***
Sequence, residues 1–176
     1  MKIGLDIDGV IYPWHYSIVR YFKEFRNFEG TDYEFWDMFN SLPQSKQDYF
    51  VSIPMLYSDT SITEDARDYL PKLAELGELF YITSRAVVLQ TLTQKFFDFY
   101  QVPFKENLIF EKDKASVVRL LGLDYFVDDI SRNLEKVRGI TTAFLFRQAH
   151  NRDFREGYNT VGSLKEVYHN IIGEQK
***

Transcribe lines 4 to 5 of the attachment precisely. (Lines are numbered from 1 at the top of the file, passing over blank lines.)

   101  QVPFKENLIF EKDKASVVRL LGLDYFVDDI SRNLEKVRGI TTAFLFRQAH
   151  NRDFREGYNT VGSLKEVYHN IIGEQK